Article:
Korkusuz (1986)

Film: Korkusuz
Alternate title(s): Rampage, Turkish Rambo
Release: 1986, theatrical
Starring: Serdar Kebapçilar, Hüseyin Peyda, Sümer Tilmaç
Directed by: Çetin Inanç
IMDB page: Link opens in a new window
Description: When a wealthy businessman is captured by a gang of mountain bandits, the only one that can save the day is the war veteran Serdar - His only goal, to live honorably!

Hans' thoughts:

Sometimes, a movie comes along that is just so crazy that it's really hard for me not to have at least a slimmer of affection for it. No matter how absolutely ridiculously bad it is. This is such a movie.

This movie is actually harder to describe than I thought it would be, In essence it's a pretty blatant rip-off of the Rambo movies but with a original plot. Serdar is some kind of commando/war veteran that gets blamed for the kidnapping of a wealthy businessman. He's sent to jail, and makes a deal with his cellmates to help break them out if he can join the mountain bandits that did the kidnapping in the first place. Throughout the movie, Serdar himself doesn't really speak a lot of dialogue. Instead he just stares at the camera. 

Had this been a better movie, less would have been more. Serdar is obviously not all that good an actor - this is visible even through the dub. Making him be mostly silent could have been a very good choice. Unfortunately, the camera work of the movie is just not strong enough to convey what the actor can't so instead the characters motivation become sort of vague. Why is he doing this? Why is he doing that? I found myself getting kind of distracted by looking around the room to pass the time because I barely understood any of what was going on, on screen.

While the other characters motivations are definitely clear, their actual personalities are barely existent. This is a shame because some of these actors seem like they could have done a very good job with a better script. Instead the villains are dimensionless and the heroes are kind of, wooden. A lot of the henchmen also do a lot of laughing for no apparent reason. The movie seems to try and set up Serdar as this patriotic, family oriented hero. At one point he saves a family from a gang of mountain bandits and while it could have been a very fun little scene, it feels kind of forced.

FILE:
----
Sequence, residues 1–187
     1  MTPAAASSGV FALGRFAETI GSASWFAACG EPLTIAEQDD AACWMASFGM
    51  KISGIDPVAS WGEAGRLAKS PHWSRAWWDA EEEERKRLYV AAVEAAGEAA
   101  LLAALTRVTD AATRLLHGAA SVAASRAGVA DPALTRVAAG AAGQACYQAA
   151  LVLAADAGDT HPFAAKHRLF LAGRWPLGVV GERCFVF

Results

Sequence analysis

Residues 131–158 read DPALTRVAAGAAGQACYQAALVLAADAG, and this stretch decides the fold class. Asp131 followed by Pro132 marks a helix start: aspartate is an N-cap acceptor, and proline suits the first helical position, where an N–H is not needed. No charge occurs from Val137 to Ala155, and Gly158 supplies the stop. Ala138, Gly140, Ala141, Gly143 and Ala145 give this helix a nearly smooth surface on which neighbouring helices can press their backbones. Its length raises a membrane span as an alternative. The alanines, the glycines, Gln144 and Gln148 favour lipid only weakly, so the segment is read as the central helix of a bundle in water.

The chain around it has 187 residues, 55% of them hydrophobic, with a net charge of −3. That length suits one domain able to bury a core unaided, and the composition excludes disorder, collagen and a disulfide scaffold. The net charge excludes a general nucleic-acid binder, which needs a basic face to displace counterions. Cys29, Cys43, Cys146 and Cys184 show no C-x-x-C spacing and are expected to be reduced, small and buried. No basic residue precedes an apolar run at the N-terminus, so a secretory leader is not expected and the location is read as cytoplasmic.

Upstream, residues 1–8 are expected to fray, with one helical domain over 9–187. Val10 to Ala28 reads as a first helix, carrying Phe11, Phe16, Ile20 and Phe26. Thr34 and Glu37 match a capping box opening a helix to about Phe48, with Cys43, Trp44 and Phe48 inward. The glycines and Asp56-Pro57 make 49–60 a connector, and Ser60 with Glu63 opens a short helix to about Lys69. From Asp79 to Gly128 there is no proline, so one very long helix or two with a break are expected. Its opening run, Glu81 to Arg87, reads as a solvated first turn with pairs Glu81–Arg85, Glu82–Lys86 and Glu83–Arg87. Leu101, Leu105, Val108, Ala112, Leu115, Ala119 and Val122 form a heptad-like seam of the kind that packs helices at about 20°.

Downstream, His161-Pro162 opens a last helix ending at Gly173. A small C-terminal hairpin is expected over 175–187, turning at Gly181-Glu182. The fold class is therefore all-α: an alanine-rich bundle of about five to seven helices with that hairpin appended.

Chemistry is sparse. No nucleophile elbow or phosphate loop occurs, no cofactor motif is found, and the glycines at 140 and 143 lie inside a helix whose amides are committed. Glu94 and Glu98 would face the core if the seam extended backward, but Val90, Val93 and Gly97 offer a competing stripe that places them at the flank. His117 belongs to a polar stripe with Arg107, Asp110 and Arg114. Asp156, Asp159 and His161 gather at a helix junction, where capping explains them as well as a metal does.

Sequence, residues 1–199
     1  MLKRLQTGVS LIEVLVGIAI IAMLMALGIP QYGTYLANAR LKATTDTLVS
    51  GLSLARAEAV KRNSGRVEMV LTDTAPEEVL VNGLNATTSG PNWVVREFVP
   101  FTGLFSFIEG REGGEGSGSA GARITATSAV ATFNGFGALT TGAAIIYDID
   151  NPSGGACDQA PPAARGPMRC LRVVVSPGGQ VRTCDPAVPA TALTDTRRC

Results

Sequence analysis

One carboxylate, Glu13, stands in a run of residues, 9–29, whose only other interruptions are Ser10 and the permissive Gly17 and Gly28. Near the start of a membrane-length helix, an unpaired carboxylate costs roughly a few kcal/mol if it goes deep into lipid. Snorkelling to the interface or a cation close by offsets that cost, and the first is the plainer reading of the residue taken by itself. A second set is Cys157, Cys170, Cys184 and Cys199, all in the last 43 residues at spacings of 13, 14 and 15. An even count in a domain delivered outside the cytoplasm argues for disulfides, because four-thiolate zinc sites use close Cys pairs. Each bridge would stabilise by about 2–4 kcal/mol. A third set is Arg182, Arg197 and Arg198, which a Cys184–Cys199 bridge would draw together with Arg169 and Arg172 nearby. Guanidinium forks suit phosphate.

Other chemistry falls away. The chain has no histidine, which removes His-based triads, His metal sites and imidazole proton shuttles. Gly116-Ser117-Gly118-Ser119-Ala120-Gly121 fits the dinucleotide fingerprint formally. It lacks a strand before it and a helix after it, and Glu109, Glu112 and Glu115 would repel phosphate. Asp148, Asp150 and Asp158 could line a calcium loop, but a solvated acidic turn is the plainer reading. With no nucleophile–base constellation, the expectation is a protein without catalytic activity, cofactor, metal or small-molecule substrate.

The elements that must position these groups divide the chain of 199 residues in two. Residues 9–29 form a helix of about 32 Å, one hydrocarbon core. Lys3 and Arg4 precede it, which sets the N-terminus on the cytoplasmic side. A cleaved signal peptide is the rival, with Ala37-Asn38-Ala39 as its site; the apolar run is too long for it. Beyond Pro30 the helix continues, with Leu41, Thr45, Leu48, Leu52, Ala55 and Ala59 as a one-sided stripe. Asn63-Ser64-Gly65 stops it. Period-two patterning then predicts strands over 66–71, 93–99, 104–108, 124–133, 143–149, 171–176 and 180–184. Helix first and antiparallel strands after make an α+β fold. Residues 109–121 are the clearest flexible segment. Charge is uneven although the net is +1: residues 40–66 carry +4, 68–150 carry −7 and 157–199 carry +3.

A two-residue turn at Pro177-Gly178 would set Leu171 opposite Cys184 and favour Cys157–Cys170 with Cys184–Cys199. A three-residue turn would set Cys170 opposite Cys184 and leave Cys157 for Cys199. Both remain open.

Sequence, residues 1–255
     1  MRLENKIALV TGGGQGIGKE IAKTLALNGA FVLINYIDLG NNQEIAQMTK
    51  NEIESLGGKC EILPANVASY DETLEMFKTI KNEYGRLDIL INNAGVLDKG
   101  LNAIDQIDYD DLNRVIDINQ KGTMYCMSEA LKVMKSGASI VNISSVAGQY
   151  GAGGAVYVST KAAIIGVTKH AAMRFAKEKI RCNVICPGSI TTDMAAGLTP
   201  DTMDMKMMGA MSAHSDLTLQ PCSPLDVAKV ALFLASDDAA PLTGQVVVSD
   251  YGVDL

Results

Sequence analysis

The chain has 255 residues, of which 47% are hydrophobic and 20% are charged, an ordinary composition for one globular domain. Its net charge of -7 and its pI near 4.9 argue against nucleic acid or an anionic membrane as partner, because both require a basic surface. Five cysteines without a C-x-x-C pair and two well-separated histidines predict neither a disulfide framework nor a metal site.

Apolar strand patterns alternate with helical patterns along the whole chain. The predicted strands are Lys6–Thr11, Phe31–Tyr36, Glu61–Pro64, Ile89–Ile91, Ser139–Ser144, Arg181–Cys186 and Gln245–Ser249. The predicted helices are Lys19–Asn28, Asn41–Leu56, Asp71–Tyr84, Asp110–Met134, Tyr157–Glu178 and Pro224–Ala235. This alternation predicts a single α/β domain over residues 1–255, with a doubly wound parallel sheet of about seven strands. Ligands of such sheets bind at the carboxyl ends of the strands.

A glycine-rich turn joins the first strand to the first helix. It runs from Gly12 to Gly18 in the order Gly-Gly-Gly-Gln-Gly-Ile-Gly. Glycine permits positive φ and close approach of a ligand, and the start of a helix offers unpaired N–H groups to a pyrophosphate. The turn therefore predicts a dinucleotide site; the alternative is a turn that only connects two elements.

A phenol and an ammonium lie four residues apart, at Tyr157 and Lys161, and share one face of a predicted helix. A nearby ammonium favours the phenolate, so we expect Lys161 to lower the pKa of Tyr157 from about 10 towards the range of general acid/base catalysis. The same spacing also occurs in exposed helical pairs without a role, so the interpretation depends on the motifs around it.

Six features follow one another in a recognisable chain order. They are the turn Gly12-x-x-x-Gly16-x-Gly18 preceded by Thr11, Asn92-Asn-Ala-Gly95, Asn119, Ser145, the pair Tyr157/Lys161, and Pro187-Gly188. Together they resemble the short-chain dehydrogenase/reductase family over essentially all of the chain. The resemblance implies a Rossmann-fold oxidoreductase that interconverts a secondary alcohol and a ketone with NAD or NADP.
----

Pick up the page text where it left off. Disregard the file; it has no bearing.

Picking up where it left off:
As for the actual action, it is what you would expect from a low budget production. The weapons act kind of off, although the explosion work is actually pretty good. Unfortunately, the main source of action in this movie is hand-to-hand combat. The hand-to-hand combat in this movie is one of the most ridiculously over-the-top spectacles I have seen on screen for quite a while. I've seen student projects with more believable combat than what this movie provides. On top of that, the stage falls have this kind of unprofessional delay, sometimes with a whole second after the cause between the falls. Indeed, even the death-scenes are kind of awkward, as the actors in question seem like they tried to make their falls as comfortable as possible, or are just careful not to damage equipment. An old man in this movie clearly puts his walkietalkie neatly to the side before lying his head down on the ground, dead. 

Speaking of the walkies, if you're going to use toy-walkies for your movie, here's a hint: Do not zoom in on the logo saying "Junior". The walkies even looked very believable, so the choice to zoom in on them just baffles me. I have to say though, props for sticking to your guns and straight up roll with it. I'm guessing the budget was the cause of using children's toys, but other film makers had tried to hide that fact as to not kill the audiences suspension of disbelief.

All in all, this movie was a neat little piece of history, a testament to how utterly strange the world is sometimes. I have to say though, this DVD will most like not be seen again in my household for quite a while. Until such a time comes, it will sit on my shelf as a fun little oddity alongside Reptilicus. I'm not saying that I regret I saw it, I probably just won't revisit it.
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